James Robinson staged this very complicated piece with admirable clarity, aided by Allen Moyer's marvelous set and James Schuette's sumputuous costumes. Soprano Maria Kanyova gave a really great performance as Marie Antoinette, singing superbly (the high pianissimi near the end of the opera showed no signs of weariness) and digging deep into the character's emotions. OTSL stalwart James Westman was a dramatically subtle Beaumarchais. Among his creations, Christopher Feigum offered an engaging Figaro, Dorothy Byrne a shrewd Susanna, and Matthew DiBattista a show-stealing Begearss, especially in his bravura performance of the "Long Live the Worm" aria. Sean Panikkar and Hanan Alattar were well-matched as the Almavivas, Panikkar noteworthy for his comfort with the Count's relentlessly high tessitura. Michael Christie conducted an assured reading of the score.

Seeing these two productions on consecutive nights felt paradoxical - or, as the King of Siam would say, "a puzzlement." It seemed quite ironic that the authentic Mozart opera, first seen in 1775, was staged in a spirit of disillusionment, contrasting the original libretto's faith in Enlightenment nobility and the power of Mozart's music with the soul-grinding compromises of the modern world, while Corigliano and Hoffman's undeniably postmodern opera, written over two centuries later, so emphatically affirmed such "old-fashioned" ideas as forgiveness and wisdom.

While in St. Louis, I also spent some time in the St. Louis Museum of Art, which has a very fine collection of German Expressionism (including Franz Marc's The Little Mountain Goats, shown above, which uses colors in a way I love) and also had a great exhibition of Ansel Adams's photographs taken in Yosemite. Highly recommended!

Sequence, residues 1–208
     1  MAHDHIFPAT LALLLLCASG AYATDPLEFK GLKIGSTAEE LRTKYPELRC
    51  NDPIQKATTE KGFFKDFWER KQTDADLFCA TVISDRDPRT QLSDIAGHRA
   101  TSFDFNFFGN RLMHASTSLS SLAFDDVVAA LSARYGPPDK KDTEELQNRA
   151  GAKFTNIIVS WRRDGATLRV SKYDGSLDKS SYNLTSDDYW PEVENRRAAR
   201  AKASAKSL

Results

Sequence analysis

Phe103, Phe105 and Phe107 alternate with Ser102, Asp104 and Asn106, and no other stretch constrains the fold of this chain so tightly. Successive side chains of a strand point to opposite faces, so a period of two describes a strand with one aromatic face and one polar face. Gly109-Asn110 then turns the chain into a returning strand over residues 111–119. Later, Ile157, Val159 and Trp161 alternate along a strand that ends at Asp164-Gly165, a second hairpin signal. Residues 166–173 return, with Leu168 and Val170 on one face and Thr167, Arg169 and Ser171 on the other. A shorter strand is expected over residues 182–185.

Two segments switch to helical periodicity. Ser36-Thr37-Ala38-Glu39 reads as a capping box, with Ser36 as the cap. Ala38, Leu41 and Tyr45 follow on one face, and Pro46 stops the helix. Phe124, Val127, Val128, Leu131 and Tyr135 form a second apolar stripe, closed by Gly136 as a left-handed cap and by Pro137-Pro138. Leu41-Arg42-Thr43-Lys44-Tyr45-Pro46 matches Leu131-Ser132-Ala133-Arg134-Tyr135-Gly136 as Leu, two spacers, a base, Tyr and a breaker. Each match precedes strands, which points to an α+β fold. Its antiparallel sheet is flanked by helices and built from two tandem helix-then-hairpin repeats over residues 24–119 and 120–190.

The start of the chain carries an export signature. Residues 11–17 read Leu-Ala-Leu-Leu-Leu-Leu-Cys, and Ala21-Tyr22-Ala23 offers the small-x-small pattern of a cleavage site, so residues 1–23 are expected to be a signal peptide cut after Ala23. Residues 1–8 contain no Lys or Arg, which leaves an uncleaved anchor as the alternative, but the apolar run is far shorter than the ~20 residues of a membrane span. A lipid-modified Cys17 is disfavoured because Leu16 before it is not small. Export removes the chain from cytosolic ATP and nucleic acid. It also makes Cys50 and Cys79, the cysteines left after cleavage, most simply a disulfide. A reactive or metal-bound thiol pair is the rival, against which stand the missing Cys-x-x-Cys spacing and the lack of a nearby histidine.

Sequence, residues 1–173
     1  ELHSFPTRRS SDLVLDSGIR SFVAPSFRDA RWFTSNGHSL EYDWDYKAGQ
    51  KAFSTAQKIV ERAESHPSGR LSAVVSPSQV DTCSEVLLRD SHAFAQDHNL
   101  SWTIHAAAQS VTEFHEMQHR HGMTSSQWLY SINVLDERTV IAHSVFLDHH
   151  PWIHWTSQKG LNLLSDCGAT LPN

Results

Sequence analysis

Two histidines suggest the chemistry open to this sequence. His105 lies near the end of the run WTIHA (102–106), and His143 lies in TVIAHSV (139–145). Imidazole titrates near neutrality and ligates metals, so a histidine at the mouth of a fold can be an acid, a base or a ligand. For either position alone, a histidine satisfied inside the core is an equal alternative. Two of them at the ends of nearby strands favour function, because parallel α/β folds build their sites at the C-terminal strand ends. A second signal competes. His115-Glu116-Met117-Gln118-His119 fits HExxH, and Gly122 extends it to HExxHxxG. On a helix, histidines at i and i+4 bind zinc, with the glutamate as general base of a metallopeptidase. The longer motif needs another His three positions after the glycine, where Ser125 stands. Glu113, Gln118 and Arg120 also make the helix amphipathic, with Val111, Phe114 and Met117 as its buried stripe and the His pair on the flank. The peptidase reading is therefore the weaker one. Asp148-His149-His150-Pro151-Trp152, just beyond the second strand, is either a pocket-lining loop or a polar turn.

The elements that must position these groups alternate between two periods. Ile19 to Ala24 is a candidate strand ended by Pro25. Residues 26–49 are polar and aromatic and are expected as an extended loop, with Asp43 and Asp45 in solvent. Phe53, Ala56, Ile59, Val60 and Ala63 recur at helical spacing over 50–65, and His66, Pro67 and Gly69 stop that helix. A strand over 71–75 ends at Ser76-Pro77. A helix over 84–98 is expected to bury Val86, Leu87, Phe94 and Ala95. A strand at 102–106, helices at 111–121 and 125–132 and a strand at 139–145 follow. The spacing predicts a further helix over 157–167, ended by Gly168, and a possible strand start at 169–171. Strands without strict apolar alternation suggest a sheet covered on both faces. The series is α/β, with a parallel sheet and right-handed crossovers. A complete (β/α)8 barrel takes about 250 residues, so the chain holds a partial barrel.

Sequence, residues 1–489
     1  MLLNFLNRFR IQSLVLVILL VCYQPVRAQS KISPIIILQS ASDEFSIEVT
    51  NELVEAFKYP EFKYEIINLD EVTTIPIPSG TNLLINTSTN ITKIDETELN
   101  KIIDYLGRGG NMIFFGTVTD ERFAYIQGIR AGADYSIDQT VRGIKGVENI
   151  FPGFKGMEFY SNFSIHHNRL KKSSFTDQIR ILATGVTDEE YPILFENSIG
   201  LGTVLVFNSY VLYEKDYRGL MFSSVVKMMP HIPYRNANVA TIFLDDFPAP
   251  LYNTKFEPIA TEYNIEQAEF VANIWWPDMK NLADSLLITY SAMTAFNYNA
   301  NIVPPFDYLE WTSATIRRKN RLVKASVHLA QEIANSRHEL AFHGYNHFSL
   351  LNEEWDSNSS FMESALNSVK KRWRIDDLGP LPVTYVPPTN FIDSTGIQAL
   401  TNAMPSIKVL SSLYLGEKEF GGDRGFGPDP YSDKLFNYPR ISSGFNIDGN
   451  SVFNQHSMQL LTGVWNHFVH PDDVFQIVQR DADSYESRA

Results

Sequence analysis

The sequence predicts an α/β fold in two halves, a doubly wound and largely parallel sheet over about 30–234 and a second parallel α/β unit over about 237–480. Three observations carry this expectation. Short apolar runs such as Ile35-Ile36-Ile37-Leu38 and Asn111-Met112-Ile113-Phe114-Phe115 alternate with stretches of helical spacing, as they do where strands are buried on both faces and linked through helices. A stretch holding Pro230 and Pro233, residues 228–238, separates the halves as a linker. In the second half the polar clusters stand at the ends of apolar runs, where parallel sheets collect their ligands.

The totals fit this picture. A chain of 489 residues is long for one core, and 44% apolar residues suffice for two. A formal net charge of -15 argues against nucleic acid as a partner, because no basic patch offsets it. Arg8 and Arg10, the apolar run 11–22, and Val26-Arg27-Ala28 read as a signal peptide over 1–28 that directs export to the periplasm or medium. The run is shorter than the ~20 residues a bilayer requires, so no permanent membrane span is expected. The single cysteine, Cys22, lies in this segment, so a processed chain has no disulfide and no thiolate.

Saturday, June 20, 2009

A New Breakthrough, The Psychology of Numbers, and China Miéville

Lake Mileage: 5+k (power walk)
MP3 Player: Cleo Laine Sings Sondheim
Currently Reading: Perdido Street Station (China Miéville)

It's an interesting phenomenon, I think, how certain numbers on the bathroom scale matter so much more than other ones. After all, a pound lost is a pound lost and a pound gained is a pound gained, right? Is it any worse going from 152 to 155 than it is going from 158 to 161? Obviously, it's no different in terms of weight gained, but for most people, it would feel lots more discouraging to move from the 150's into the 160's - arbitrary though those numbers are. In the same way, moving down a "decade" when you're losing weight feels like much more of an accomplishment, even if the incremental weight loss that accomplished it is no different than the same loss in the middle of a decade.